Why would someone who did well enough in high tech to run off to a desert island for the rest of his life want to buy a pro sports team?
Because I could. I had been a Mavs season-ticket holder through thin and thin and was at the opening game of the ‘99-2000 season. It wasn’t a sellout. There wasn’t great energy in the crowd. And I thought I could do better. I’ve loved basketball my entire life. It was a dream opportunity, if I could get Ross Perot Jr. to sell. Of course, that was before I knew what kind of headaches and politics there would be. I wasn’t naive about the sport, but I certainly was about the NBA as a business.
For all the information about the Mavs available to me in the financial statements, there was no information from the NBA. It was a club that you were supposed to be fortunate to join. They set the rules, which included the level of disclosure they determined was adequate, and you either went with it or you didn’t. I wanted in to the club bad enough that I went with it. It was a period that was a bull market for rights fees, TV ratings, and franchise valuations. Everyone is a genius in a bull market. But the business of pro sports has changed in the almost four years I’ve been in the league.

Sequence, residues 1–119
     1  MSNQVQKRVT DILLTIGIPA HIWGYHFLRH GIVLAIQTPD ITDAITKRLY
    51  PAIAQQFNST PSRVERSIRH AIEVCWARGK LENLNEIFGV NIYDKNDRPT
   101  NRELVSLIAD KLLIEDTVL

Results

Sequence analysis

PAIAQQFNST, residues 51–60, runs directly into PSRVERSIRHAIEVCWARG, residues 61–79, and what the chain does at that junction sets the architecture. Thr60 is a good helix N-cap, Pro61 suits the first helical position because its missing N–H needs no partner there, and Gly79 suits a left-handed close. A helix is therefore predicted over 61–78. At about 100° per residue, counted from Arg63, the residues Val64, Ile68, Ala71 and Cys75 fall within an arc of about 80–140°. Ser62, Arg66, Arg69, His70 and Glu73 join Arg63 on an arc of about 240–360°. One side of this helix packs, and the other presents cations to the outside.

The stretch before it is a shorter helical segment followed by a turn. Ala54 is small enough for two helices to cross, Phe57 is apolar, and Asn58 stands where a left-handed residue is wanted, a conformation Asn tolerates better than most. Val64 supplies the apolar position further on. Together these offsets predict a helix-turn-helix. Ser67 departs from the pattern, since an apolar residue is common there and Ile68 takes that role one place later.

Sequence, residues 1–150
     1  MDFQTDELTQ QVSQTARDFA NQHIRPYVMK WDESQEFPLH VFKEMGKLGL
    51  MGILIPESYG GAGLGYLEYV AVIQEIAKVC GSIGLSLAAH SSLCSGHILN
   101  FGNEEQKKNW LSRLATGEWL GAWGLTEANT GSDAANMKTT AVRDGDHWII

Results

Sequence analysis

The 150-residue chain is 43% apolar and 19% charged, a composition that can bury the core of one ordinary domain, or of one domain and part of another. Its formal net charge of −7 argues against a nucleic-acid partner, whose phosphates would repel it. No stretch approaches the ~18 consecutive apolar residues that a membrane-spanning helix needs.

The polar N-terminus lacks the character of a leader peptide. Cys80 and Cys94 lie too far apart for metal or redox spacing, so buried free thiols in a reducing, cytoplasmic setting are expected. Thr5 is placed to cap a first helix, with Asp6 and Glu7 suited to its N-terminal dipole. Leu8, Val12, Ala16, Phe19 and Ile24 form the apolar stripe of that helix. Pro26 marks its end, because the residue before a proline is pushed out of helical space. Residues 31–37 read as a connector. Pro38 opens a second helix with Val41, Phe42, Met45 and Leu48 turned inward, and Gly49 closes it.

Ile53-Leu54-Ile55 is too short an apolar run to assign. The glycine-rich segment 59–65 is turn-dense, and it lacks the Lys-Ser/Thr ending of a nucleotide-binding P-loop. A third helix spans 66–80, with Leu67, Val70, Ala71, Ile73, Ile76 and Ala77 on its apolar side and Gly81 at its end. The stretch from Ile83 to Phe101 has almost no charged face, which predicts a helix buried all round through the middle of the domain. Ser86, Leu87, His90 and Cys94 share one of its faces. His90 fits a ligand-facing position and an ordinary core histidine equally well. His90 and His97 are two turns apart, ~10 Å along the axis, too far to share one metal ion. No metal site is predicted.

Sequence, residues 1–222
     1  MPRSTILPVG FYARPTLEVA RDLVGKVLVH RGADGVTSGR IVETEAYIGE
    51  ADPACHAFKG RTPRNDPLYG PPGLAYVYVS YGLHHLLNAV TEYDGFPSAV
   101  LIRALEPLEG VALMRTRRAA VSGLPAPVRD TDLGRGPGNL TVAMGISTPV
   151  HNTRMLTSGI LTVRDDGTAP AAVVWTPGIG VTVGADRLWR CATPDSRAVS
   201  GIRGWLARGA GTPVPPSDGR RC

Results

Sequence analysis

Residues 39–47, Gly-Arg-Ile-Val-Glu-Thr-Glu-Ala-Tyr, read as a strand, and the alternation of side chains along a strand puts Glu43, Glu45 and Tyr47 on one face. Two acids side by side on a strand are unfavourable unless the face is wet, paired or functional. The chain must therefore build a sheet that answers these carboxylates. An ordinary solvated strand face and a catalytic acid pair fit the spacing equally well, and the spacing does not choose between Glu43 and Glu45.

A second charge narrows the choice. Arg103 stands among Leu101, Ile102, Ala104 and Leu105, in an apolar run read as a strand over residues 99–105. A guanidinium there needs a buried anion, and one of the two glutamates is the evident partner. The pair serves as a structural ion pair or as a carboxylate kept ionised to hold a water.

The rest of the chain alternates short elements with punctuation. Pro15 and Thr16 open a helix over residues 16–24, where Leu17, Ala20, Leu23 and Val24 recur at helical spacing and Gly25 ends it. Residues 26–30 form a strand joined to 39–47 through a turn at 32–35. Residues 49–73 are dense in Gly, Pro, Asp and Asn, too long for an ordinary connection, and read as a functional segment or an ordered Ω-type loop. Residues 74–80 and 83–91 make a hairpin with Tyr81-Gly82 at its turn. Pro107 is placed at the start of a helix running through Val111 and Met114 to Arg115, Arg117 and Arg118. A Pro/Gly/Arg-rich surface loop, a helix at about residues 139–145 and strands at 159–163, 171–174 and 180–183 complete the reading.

What happened in those four years?
The entertainment world became more competitive. Movies started opening in three thousand theaters and became events. New sports were invented. TV ratings for all sports declined, went up, declined some. Most important, TV networks stopped increasing what they would pay every year and, in many cases, reduced rights fees and demanded more in return